former co-regent, finally defeated by Constantine at the battle of Chrysopolis in 324 AD
and executed the following year. The symbolism of the snake may have been ambiguous to
the public at the time, because snakes were traditionally regarded as beneficial.
Their association with evil was introduced by the Judeo-Christian tradition,
which was not yet dominating the Roman society.

The appearance of the SPES PVBLIC type must have occurred within six months or less of
the execution of Constantine's eldest son Crispus and the emperor's wife Fausta, and
their followers in 326 AD. If the snake symbolizes victory over an evil enemy, it seems
most unwise to create the type soon after the slaughter of several members of the
imperial family and scores of their supporters (Vagi 1999). How could the public know
that Licinius was intended and not Crispus or Fausta? Licinius was defeated a few years
earlier, but the Crispus and Fausta turmoil was very recent.


Christian chronicles have put the emphasis on the pagan Licinius and treated the Crispus
and Fausta tragedy with silence. However. it was normal at the time for the emperor to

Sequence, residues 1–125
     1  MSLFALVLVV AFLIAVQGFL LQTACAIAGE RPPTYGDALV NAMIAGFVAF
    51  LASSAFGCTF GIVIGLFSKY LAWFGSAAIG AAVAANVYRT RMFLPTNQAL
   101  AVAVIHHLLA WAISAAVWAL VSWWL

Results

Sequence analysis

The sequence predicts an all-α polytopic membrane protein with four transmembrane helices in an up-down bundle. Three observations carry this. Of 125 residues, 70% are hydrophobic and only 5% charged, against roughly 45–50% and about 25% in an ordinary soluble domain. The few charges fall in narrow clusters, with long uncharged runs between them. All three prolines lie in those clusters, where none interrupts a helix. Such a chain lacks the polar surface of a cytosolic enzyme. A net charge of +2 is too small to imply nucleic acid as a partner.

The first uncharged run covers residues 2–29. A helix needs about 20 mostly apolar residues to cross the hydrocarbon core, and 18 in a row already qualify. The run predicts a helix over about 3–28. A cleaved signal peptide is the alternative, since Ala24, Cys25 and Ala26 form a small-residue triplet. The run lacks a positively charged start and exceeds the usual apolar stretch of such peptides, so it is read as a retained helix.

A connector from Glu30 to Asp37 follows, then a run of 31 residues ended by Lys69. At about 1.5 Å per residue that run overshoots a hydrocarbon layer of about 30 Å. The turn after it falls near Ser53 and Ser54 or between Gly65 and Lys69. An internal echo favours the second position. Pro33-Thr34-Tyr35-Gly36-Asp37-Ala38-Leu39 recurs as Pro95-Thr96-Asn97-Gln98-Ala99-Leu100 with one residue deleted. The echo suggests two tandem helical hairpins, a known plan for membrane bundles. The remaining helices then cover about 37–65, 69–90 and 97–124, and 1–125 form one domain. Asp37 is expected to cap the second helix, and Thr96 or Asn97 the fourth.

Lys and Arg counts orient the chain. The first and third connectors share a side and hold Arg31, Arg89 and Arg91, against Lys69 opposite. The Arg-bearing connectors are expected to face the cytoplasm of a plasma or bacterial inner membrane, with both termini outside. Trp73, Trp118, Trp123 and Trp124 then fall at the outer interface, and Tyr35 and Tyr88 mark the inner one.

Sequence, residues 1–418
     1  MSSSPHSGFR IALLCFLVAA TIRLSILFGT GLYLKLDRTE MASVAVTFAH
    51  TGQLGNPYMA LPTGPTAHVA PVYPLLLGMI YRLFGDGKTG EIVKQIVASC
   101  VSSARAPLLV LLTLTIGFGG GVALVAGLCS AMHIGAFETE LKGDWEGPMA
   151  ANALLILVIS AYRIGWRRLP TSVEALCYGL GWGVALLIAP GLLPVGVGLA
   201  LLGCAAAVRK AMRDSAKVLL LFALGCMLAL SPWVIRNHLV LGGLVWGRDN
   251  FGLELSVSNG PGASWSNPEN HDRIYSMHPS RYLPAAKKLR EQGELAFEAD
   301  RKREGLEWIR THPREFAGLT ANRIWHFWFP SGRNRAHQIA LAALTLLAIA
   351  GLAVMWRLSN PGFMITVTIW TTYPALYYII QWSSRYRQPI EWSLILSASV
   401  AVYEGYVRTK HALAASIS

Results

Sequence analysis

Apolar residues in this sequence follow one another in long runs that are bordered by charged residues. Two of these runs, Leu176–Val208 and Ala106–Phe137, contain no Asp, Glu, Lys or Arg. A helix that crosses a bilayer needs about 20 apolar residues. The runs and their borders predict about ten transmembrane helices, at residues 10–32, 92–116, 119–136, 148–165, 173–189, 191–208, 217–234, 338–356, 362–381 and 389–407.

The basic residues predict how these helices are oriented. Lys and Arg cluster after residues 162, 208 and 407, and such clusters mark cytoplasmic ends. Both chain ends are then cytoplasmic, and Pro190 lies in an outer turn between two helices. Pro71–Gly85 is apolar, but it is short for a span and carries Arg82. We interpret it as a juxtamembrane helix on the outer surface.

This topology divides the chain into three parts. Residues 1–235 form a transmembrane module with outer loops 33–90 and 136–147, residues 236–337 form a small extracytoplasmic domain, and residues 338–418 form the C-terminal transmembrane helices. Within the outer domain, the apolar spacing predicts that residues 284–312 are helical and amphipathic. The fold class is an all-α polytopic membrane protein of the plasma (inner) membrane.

execute his enemies, but hardly to execute his family. For ordinary people, the execution
of Licinius was natural, but the killing of family members and their followers must have
stunned everyone (Tameanko 2004). That was the big news on everyone's lips, not Licinius.
The interpretation of the snake as Licinius cannot be upheld, nor its interpretation as a
symbol of paganism. At the time. the Christian meaning of the Chi-Rho was by no means
selfevident (e.g. Bruun 1962, 1965). Yery few, if any, Christian occurrences of the Chi-Rho
symbol predate Constantine's vision of 3I2 AD, and less than a handful of occurrences can
be dated as earlier than the SPES PVBLIC coin of 321AD (Bruun 1965). The labarum must have
been seen as a symbol of the emperor's power, not as a symbol heralding the victory of
Christianity over paganism, personified by Licinius and symbolized by a snake. All the other
new reverse types introduced at Constantinopolis carried reassuring and positive messages,
as does indeed SPES PVBLIC, meaning, "Hope for the People."


Its logical interpretation is a common theme in Roman numismatics: the emperor's power brings
hope to the people. SPES PVBLIC (or SPES PVBLICA) is a very common reverse type under many
emperors. In Constantine's coin, only already Christian individuals would be able to read the